What does it take to beat an Olympic Silver Medalist at your second world championships?
A few weeks before the championships, Eli was fencing each practice bout hard, one after the other with little to no break in between. This was a Monday night and he was all in. Suddenly his legs seized and down he went. "Cramping is not fun!" was the theme that evening. The photo on the left documents the moment after.
Fast forward to Moscow and after a hard fought first day, Eli qualified for the next round and had the following to share:
There were a lot of positive thoughts on his FB page and one in particular from coach Al Carter resonated with Eli and summed it all up:
I asked Eli what was his mindset on that day?
I was going for a serene state of mind. I knew the pressure would be on my opponent since he's basically a star, and I was a true underdog. In last year's Championships, I won 0 bouts and lost 4 of my pool bouts 5-4 so i really just wanted to focus on winning one bout, then the next one, and the next. Anything past the first win was going to be a bonus, so I just wanted to keep the momentum going, and have fun. Once the pressure was off, I was able to fence great by making those small, achievable goals actually happen.
Halfway into the direct elimination bout I started getting scared to commit to actions. Suddenly I was down was 8-14 (first to 15 touches wins), and just focused on each action, rather than the outcome of the bout. I simply did the oldest fencing advice given, 'take it one touch at a time'. So, when I got one, I tried hard for another and another. Then I realized, I can actually win this. I've always believed that if one person can get on a run, so can the other. At this level, so much is mental, since everyone has roughly the same skill set. Once I scored that final touch to win 15-14, I couldn't believe it, (the photo on the right documents the moment after!).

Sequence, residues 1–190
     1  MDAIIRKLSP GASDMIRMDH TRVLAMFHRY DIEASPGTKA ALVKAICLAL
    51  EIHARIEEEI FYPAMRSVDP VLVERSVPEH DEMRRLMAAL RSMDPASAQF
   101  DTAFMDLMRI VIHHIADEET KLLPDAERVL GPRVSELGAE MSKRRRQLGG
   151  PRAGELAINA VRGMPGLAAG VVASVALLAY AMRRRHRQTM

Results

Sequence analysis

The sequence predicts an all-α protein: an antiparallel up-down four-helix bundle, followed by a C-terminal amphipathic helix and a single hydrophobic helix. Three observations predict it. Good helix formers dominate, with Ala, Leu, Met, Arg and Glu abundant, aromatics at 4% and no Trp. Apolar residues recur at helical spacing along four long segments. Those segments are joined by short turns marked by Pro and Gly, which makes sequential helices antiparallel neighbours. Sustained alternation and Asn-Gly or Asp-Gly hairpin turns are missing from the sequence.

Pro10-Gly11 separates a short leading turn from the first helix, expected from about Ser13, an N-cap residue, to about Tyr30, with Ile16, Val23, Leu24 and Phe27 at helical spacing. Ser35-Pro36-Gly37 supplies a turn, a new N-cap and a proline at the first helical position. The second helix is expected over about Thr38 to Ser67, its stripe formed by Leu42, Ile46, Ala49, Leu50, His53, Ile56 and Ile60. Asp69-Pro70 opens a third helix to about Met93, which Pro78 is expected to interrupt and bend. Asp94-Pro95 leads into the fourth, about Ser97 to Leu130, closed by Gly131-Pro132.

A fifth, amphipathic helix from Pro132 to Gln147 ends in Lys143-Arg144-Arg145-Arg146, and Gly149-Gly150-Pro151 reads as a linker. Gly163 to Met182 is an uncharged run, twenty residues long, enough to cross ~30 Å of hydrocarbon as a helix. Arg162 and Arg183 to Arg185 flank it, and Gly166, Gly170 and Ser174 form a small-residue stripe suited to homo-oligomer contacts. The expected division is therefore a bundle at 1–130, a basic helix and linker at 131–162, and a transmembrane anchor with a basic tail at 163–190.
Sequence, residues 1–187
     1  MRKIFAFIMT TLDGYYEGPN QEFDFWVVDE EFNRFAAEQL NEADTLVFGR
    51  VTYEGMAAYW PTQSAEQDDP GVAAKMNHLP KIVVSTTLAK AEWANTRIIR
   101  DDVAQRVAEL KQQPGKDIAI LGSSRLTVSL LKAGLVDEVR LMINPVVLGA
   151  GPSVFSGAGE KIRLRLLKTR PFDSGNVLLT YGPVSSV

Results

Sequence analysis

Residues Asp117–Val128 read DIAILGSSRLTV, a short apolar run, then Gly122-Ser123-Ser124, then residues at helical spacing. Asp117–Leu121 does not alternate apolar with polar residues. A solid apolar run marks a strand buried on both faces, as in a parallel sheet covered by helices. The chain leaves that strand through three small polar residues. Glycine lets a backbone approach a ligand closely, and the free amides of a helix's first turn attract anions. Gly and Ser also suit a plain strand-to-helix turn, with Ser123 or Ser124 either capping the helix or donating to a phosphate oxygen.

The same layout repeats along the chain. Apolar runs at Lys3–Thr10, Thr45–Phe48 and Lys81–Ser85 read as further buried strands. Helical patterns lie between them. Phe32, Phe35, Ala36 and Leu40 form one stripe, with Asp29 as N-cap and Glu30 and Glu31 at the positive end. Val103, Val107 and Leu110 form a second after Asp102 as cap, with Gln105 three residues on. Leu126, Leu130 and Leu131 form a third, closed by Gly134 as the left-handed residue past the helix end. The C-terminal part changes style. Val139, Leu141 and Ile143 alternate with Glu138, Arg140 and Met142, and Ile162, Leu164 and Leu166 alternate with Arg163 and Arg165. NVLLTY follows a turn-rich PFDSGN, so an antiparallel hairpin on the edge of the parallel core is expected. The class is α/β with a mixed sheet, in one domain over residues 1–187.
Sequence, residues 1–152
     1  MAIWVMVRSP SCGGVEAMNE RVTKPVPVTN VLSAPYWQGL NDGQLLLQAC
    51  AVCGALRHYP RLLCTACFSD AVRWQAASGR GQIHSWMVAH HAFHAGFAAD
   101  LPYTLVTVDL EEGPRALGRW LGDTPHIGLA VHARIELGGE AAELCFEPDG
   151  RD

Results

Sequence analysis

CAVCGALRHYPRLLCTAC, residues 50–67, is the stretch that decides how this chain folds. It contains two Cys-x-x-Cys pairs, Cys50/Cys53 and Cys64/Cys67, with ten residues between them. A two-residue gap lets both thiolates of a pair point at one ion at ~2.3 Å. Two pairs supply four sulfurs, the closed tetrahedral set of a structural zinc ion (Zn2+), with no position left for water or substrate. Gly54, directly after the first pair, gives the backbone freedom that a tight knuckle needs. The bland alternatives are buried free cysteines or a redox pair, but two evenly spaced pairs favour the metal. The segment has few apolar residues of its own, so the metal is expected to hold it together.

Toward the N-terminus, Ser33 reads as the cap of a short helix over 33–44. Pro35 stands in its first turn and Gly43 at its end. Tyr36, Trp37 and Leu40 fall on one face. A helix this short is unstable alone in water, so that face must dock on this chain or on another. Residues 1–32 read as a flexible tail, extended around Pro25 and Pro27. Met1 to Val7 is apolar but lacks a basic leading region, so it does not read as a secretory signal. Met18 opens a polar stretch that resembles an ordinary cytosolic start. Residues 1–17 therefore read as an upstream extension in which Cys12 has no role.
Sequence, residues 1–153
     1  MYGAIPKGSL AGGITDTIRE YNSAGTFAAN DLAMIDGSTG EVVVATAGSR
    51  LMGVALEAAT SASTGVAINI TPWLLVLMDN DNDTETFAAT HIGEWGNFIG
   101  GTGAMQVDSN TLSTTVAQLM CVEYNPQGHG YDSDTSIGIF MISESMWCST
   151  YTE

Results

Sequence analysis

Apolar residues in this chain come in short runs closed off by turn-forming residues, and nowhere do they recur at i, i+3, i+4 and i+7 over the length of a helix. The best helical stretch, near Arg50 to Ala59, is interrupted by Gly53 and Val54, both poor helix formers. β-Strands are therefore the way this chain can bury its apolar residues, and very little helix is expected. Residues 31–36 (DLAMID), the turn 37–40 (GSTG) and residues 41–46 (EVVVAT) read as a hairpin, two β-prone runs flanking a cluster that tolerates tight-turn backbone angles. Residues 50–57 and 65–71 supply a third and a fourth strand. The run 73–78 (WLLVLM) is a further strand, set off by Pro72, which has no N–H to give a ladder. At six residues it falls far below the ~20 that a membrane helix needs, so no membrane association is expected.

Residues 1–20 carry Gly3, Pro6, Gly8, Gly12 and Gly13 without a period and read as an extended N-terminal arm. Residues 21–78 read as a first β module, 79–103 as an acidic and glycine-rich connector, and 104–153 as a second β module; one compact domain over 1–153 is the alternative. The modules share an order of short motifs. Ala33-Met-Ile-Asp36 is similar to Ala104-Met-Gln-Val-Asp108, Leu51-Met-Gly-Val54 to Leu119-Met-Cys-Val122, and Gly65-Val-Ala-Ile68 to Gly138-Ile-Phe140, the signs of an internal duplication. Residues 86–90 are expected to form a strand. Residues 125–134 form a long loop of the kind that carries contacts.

I was thrilled and thanked the coaches and team for their support. I also really wanted to focus on the next bout, but all I could think of was, "I finally get to use wireless gear. Sweet!". I wouldn't recommend that mindset, as I was now distracted by the future and was not in the present against my next opponent.
How does this apply to your career as a designer and entrepreneur. What's the mindset that's needed when working on a project or product that presents a new challenge?
I'd say it's a similar mindset, in that with a start up, we really focus on tackling one project or challenge at a time. Also, in terms of creativity, design and fencing are very similar: it is as important to have good fundamentals, and reliable conservative designs, just as it is to have reliable actions in fencing. What can truly make someone great, is adding creativity to the fundamentals and going crazy when needed. I'd say Miles Chamley-Watson (my training partner and 2013 Men's Foil World Champ) is a perfect example of this.
How doe this mindset apply to a team and how do you get a team to believe in one another when up against a deficit both in sports and in biz?
Team events, both in sport and business, are all about trust. You need to trust your teammates' skills, and know that they can carry you when necessary, just as you carry them. As creative director, my teammates trust in my design choices, even when they might not always agree with them. Similarly, I trust their business decisions even when I don't agree with them. The same goes for fencing: if one of us has a bad bout, we don't get frazzled, since we trust our teammates to pick up the slack.
Eli Schenkel is Creative Director at Trueathelite.com and current member of the Men's Foil Canadian National Team.